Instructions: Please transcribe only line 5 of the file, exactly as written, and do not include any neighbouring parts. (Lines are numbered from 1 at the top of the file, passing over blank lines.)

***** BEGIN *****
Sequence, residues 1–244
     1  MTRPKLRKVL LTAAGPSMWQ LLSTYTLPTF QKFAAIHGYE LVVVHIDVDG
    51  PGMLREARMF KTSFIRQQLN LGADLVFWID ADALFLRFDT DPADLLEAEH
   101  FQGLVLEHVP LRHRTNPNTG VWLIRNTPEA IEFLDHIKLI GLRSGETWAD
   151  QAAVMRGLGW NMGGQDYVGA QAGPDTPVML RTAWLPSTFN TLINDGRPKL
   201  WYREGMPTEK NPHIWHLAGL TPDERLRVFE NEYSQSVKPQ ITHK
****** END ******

   151  QAAVMRGLGW NMGGQDYVGA QAGPDTPVML RTAWLPSTFN TLINDGRPKL